In terms of black and white horror films, few come close to the visceral impact  it had in its time and still  does today. The story starts off simply, Edward (Richard Arlen) is a survivor of a ship accident  only to be picked up and stranded on a island resided by Doctor Moreau (Charles laughton). He soon learns that the good doctor has been genetically transforming animals into advanced human beings. The results as with all crazy experiments, is less than successful. The rejects are banished to a secluded side of the island to fend for themselves. To maintain a sense of order, Moreau cracks the whip (literally)commanding a repeated mantra of his demands “What is the law?!”) reminding them of the place they were borne from; “the house of pain”). In a later sequence we see an example of this as a hybrid strapped to an operation table, howls in anguish as the doctor coldly dismisses his agony as another clinical  failure.

Bela Lugosi (before Tod Brownings, Dracula) is the village sayer of the tribe, oddly not knowing enough English off screen,   the phonetic dialogue comes off  extremely alien and effective on screen.

Laughton is definitely  the treat here. Imposing in his white seersucker Congo suit, he is the epitome of what mad scientists should strive for.  Another staged entry is the heroine (Lelia Hyams) introduction. At a shipping port, she is relieved to find her husband alive via a posted notice. She walks away relieved and gratified, as the busy activities on the street divide in front, It’s serenely graceful, a prelude of terrors to come.

Jack Pierce the make up artist must be especially noted. The Rick baker , Rob  Bottin and Dick Smith of his day. The FX  applied to the creatures are restrained, something later remakes would over indulge. It wasn’t  about what the beasts were or becoming, but the results that went awry in  between.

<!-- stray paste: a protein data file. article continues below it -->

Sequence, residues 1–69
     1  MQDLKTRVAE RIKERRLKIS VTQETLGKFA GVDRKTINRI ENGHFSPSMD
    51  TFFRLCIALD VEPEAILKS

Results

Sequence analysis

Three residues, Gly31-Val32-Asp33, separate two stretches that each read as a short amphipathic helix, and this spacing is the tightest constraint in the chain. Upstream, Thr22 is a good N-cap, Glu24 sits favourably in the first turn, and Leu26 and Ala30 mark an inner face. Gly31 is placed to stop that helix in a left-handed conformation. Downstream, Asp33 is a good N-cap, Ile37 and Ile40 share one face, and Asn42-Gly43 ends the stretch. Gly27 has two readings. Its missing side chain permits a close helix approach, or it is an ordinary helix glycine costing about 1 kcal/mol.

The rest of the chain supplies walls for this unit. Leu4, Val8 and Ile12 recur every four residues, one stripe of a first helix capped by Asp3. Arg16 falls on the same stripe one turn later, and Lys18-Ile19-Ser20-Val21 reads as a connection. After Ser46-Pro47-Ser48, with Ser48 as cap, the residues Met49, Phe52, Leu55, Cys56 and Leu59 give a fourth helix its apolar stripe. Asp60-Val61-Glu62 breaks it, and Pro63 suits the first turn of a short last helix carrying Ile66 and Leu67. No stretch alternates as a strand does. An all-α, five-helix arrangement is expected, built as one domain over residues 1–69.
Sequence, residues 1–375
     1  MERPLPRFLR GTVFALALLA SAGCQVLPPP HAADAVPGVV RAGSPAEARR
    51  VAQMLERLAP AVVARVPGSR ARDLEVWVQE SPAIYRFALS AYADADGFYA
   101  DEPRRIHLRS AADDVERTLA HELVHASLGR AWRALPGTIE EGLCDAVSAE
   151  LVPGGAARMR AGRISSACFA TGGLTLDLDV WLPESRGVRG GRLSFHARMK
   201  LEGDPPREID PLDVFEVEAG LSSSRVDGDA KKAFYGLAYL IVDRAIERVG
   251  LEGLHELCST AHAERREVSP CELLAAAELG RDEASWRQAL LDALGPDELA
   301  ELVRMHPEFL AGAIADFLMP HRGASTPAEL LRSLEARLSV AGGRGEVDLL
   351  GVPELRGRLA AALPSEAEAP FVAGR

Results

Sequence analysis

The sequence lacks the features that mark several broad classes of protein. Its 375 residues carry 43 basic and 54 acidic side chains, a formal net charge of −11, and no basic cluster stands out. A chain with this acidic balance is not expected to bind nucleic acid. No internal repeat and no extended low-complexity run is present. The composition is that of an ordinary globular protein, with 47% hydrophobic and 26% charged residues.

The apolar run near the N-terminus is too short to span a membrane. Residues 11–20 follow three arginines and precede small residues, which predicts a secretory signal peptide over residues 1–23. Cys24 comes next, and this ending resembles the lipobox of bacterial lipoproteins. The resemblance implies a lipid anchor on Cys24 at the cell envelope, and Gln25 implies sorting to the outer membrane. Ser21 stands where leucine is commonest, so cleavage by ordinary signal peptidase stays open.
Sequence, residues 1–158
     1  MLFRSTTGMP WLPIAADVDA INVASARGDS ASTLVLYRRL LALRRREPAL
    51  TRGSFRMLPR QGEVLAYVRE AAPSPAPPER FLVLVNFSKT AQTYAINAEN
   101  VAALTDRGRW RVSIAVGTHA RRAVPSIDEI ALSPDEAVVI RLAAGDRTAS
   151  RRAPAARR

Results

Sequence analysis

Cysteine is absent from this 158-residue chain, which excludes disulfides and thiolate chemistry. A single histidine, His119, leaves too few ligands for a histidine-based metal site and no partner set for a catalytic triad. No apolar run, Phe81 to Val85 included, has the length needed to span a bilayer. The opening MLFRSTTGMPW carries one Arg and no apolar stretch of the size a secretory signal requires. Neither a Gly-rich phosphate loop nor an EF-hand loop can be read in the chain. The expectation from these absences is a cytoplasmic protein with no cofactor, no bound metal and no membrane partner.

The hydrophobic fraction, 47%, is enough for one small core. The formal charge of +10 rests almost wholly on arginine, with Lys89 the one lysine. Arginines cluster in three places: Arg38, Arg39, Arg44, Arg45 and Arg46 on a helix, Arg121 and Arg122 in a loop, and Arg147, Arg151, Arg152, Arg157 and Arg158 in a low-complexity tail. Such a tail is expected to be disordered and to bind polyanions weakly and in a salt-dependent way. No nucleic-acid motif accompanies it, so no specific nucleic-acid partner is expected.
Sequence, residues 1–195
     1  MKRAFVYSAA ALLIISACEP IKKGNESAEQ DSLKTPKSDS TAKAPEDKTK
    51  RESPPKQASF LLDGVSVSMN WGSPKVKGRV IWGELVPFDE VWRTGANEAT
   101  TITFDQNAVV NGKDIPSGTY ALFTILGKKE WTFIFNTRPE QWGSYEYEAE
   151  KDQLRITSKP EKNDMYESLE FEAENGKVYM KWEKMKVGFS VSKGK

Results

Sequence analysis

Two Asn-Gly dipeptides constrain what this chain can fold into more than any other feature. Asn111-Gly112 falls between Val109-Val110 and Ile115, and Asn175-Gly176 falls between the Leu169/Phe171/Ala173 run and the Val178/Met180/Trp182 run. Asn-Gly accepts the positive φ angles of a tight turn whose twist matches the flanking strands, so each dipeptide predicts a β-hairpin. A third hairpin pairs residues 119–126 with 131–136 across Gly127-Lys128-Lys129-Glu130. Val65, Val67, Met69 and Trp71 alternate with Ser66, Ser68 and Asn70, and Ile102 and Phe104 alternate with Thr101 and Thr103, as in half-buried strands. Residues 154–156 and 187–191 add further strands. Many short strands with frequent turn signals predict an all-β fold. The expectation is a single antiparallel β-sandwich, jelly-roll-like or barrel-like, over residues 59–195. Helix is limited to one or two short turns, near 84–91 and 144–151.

Director  Erle Kenton ratchets up the atmosphere  with dread  before going full throttle at the memorable  end.

I give this your best  four shot Russian vodka  with a smooth wheat beer as a chaser.

A Nightmare on Elm Street 2010

Posted by Greg Butler On April - 29 - 2013

 

 

Wes Craven created a booming franchise with the iconic horror monster Freddy Kruger, a phantasmal killer with homemade razor claws to slash the many cannon fodder teens unlucky enough to get in his way. Several mediocre sequels and a failed anthology TV series later, we see the inevitable reboot of the series in this DVD release.  In this version we get an added origin of sorts as Kruger, with the silly point of him being a notorious pedophile (which adds nothing to the  story, but it’s there in case murder wasn’t evil enough)  is chased down and burned alive by the irate parents. Of course with every evil character, he survives to wreak revenge on the grown kiddies of the next generation. Asides the emphasis on the origin, movie pretty much sticks quite close to the original, But where Craven took his cues by emulating  EC horror comics of the 50′s, giving it a fun, garish and gory style, this imagining takes itself too seriously, losing the comic aspects of what made the first Nightmare so memorable. I would cite the performances, but the truth of the matter is, all of it was just serviceable, the 80′s version had this acting awkwardness  that added to it’s goofy charm,  in comparison the new version seems mechanical and very lethargic, offering nothing more than another gussied up retread to get your attention.

I give this a very warm, domestic beer with a big nasty fly in it.